A vision helps focus development and motivate the participants. It also let’s users know where the project is going so that they can make informed decisions about whether to use it or not. Or where to contribute, if they’re eager to give something back. Such a vision was recently articulated by Adrian Colyer of SpringSource in a blog post. To quote:

Grails 3.0 will separate Grails from the traditional application server and extend Grails’ reach to allow for the development of lightweight, asynchronous applications. Grails’ persistence technology GORM has also been evolving beyond the traditional relational database, with implementations for NoSQL databases now available. GORM will continue to be an important technology for us as enterprise data fabrics evolve.

Is this enough of a vision? Is it the right vision?

The truth is, there are many different ways to write web applications these days. More and more of them have rich JavaScript user interfaces that simply communicate with the server over REST APIs using JSON. “Realtime” web applications are becoming more popular too with WebSockets and an event-based back-end. Messaging architectures, CQRS, rich domains, services over REST or SOAP – the list goes on. Should it be possible to code apps like these with Grails? What added value would Grails provide for each of these approaches?

So many questions. I don’t profess to have the answers but I do want to offer some suggestions in the hope that it kicks off a discussion about what we want from the framework.

To begin with, developers should have the flexibility to choose different types of architecture while still getting some benefit from Grails. I was struck recently by a talk on using command objects as the primary artifact of the application architecture. Command objects are an underrated part of Grails that can be used in all sorts of patterns and architectures. I have also dabbled with the Platform Core Plugin’s event bus as an alternative, message-oriented backend that can also push messages to Javascript in the browser. Both of these examples demonstrate that Grails already provides features for non-conventional approaches to application architecture.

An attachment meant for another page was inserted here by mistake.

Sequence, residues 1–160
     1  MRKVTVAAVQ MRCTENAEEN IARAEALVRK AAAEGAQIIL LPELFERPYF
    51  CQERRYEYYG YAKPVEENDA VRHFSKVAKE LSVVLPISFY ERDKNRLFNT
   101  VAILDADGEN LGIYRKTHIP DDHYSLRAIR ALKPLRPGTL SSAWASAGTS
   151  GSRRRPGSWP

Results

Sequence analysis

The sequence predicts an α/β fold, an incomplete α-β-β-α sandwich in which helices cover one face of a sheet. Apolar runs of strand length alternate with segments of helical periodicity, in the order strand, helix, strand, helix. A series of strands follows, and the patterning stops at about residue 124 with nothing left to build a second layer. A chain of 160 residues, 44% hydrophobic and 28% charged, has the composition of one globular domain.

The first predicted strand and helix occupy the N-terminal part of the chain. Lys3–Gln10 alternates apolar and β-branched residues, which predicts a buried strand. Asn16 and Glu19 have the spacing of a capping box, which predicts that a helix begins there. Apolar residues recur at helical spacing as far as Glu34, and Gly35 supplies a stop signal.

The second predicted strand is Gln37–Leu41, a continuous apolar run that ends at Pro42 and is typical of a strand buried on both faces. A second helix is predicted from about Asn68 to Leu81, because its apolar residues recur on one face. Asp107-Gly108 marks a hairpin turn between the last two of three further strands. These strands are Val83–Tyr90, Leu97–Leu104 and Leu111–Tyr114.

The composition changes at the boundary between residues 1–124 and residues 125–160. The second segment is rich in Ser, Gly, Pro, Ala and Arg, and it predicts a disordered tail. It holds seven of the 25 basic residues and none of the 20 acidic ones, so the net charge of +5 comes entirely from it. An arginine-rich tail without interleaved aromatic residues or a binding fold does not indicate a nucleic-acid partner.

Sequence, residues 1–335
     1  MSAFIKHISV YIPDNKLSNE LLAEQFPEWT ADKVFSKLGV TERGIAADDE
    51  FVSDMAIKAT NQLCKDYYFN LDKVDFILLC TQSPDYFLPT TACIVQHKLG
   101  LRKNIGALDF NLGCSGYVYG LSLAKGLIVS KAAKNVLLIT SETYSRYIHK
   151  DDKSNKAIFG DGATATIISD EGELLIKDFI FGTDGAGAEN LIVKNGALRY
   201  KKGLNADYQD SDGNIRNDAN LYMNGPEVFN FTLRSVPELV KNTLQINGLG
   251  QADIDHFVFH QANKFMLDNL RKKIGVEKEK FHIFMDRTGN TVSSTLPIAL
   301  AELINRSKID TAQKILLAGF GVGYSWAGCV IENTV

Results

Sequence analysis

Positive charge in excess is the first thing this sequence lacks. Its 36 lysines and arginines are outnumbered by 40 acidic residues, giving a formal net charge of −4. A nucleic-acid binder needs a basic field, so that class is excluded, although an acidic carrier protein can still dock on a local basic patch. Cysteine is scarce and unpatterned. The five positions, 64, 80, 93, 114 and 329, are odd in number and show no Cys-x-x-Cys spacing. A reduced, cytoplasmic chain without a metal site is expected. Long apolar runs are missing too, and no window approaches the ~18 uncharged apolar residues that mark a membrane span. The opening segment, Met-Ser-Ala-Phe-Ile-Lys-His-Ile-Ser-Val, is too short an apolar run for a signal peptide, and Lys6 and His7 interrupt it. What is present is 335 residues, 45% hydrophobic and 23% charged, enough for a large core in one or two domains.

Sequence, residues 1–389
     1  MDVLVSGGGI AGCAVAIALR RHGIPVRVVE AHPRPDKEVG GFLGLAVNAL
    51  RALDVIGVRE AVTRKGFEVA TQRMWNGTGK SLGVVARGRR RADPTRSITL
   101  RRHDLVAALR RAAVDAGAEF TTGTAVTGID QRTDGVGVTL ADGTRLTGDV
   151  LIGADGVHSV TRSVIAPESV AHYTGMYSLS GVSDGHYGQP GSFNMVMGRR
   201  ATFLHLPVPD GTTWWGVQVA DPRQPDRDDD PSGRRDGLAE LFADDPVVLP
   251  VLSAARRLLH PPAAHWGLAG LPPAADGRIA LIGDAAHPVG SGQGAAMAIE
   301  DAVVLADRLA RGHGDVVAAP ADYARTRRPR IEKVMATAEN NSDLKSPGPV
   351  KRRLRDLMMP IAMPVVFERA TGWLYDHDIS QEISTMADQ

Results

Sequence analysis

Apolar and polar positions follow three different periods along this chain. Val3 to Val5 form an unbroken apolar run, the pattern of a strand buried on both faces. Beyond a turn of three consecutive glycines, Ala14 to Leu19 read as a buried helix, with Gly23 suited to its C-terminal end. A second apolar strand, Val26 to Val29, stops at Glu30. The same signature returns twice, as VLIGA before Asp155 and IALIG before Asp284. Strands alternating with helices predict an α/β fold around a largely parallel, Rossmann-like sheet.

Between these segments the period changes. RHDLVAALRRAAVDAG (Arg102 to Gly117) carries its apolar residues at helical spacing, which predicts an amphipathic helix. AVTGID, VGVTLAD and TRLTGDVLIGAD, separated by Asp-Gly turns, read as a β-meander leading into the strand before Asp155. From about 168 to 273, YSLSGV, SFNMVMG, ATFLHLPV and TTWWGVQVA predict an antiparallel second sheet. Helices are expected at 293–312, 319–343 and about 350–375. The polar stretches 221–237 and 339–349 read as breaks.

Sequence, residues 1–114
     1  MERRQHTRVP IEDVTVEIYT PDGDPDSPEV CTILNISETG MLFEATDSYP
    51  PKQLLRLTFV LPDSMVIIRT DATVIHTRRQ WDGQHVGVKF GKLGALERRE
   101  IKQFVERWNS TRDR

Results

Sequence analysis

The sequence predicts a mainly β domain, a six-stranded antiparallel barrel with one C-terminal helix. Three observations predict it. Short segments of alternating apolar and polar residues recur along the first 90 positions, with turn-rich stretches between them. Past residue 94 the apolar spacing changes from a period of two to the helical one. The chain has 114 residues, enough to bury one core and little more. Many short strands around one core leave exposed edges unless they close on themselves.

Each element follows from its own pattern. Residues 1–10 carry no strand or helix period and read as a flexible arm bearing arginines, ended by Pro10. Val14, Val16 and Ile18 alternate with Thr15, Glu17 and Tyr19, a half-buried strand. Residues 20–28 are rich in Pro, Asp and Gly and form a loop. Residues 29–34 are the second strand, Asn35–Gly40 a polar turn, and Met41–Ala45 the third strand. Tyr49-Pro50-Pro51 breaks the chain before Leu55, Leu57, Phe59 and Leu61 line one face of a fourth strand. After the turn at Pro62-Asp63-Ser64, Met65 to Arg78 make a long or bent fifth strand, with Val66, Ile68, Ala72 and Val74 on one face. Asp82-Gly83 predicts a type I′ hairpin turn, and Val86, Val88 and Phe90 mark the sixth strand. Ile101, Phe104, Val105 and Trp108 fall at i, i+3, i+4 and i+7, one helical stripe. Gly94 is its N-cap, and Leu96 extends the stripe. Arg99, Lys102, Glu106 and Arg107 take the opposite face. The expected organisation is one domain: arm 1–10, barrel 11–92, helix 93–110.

Building direct support for lots of different architectures into Grails would be a bad idea. You would end up with a monolithic monster that no one would use. It would also likely be too much for the core team to manage alone. A better approach is to decouple the different parts of Grails into plugins and allow for alternative architectures through community-contributed plugins. This has already happened to some degree, but there is still some more decoupling to do. In other words, the plugin system should become the central part of Grails. Applications then become a collection of easily composed pieces.

Composable systems like this provide flexibility at the cost of a steeper learning curve and an extra barrier to getting started. One of the great things about Grails is how quickly you can get going with the standard application architecture. It would be a shame to lose that in the process of decoupling the different parts of the framework. The answer is probably a combination of project templates and strong conventions and defaults, where project templates are simply default project configurations with different sets of plugins depending on what application architecture you want. I think it’s possible to make most architectures accessible using this approach.

I have to admit that this idea of focusing on the plugin system and project templates (or archetypes) is not new, but it does make sense to me. It also raises challenges: who will maintain project templates and the associated plugins? There is no way that the core Grails team can do it. That means the community needs to step in and that’s why there has to be work to make it as easy as possible to contribute, from guides on how to do things to consistent and well documented APIs or other integration points. Fortunately, the act of decoupling the internals of Grails and putting in place APIs will make contributions easier. And the existing GORM decoupling work has shown the way here.